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Rare Complete Ancient Egyptian Zodiac Discovered On Temple Ceiling

The zodiac signs were used for horoscopes and other astrological readings.


Ben Taub


Ben Taub

Freelance Writer

Benjamin holds a Master's degree in anthropology from University College London and has worked in the fields of neuroscience research and mental health treatment.

Freelance Writer

Ancient Egyptian constellation Sagittarius

Representation of the zodiac sign Sagittarius. Image credit: Ahmed Emam, Ministry of Tourism and Antiquities

An incredible series of relief paintings depicting the signs of the zodiac has been revealed on the ceiling of an ancient Egyptian temple. Known as the Temple of Esna, the site was constructed in honor of the ram-headed god Khnum and was covered with decorative artwork, including one of the most complete Egyptian star charts ever discovered. 

In addition to the full zodiac, researchers also found reliefs showing the planets Jupiter, Saturn, and Mars, plus a series of constellations known as the decans, which were used to measure the passage of time during the night.


The zodiac is made up of 12 constellations that lie roughly along the ecliptic, which is the path the sun travels across the sky over the course of a year. Otherwise known as star signs, the zodiac constellations are thought to have been introduced to Egypt by the Ancient Greeks.

Representation of the constellation Scorpio, after restoration and re-coloring. Image credit: Ahmed Emam, Ministry of Tourism and Antiquities

"The zodiac was used to decorate private tombs and sarcophagi and was of great importance in astrological texts, such as horoscopes found inscribed on pottery sherds," explained Dr Daniel von Recklinghausen from the University of Tübingen in a statement. "However, it is rare in temple decoration: apart from Esna, there are only two completely preserved versions left, both from Dendera.”

At the Temple of Esna, all that remains is a large sandstone vestibule that was placed in front of the main structure by the Roman Emperor Claudius in the first century CE.  Over the past few years, von Recklinghausen and his colleagues have been painstakingly revealing and restoring the many incredible paintings that adorn the chamber.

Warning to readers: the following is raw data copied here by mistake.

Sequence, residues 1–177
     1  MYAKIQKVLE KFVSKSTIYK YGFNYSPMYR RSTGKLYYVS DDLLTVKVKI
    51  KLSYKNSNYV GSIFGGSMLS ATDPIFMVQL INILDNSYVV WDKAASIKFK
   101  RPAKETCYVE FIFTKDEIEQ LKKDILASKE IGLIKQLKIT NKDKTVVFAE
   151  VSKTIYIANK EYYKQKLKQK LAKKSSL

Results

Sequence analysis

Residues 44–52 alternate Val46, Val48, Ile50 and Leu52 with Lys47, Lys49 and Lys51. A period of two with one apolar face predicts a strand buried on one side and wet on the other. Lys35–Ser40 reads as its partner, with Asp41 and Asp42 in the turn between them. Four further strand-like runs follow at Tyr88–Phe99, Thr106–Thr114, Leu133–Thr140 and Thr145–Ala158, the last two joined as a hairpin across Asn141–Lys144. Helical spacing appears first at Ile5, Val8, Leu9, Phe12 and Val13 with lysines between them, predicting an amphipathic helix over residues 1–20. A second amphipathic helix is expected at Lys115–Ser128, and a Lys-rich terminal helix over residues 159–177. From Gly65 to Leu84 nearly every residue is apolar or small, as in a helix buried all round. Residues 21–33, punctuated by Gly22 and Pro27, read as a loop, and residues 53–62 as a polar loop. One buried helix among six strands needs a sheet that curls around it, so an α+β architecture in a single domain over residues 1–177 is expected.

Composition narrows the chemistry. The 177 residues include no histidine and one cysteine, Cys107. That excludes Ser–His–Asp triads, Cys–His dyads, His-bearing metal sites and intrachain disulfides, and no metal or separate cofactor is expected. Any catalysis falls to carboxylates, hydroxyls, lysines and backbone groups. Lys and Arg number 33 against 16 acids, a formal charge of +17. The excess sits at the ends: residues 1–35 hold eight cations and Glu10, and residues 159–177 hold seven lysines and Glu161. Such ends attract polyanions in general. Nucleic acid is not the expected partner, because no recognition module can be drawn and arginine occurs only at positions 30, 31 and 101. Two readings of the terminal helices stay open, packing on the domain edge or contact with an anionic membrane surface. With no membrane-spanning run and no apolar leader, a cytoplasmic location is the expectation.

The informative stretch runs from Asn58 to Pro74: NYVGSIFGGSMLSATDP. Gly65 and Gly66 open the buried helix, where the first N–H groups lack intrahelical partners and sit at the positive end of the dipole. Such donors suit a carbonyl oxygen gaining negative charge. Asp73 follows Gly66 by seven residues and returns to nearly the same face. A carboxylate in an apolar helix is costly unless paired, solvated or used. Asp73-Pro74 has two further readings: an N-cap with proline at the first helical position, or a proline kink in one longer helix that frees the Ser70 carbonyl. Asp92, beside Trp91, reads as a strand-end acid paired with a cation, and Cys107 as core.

Despite their age, the colorful decorations remain in fantastic condition thanks to the layer of mud that has protected and preserved them for around two millennia. Of course, this coating has also obscured the images from view, and researchers are working as delicately as possible to remove the dirt in order to reveal the illustrations without damaging them.

Ancient Egyptian decans constellations
Representation of decans, zodiac signs used to measure the twelve hours of the night. Image credit: Ahmed Emam, Ministry of Tourism and Antiquities

In 2020, the team succeeded in uncovering an inscription that revealed the previously-unknown names of the ancient Egyptian constellations. The Big Dipper, for example, was named after the malevolent god Seth and was depicted in the shape of a bull’s leg.

The constellation we know as Orion, meanwhile, was associated with the deity Osiris, while Sirius – the brightest star in the night sky and part of the Canid Majoris constellation – was named after the Egyptian goddess Isis.

Further restoration efforts in 2022 revealed a series of stunning frescoes representing the vulture goddess Nekhbet and the serpent goddess Wadjet. Alongside the newly-uncovered zodiac, researchers also found images of fanciful creatures including a snake with a ram’s head and a four-winged bird with the tail of a snake and the head of a crocodile.

More than half of the structure’s ceiling has now been restored – although, with plenty of mud still to remove, it’s likely the team will uncover yet more incredible paintings over the coming years.


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  • tag
  • Egypt,

  • archaeology,

  • ancient egypt,

  • astrology,

  • temples,

  • ancient ancestors,

  • zodiac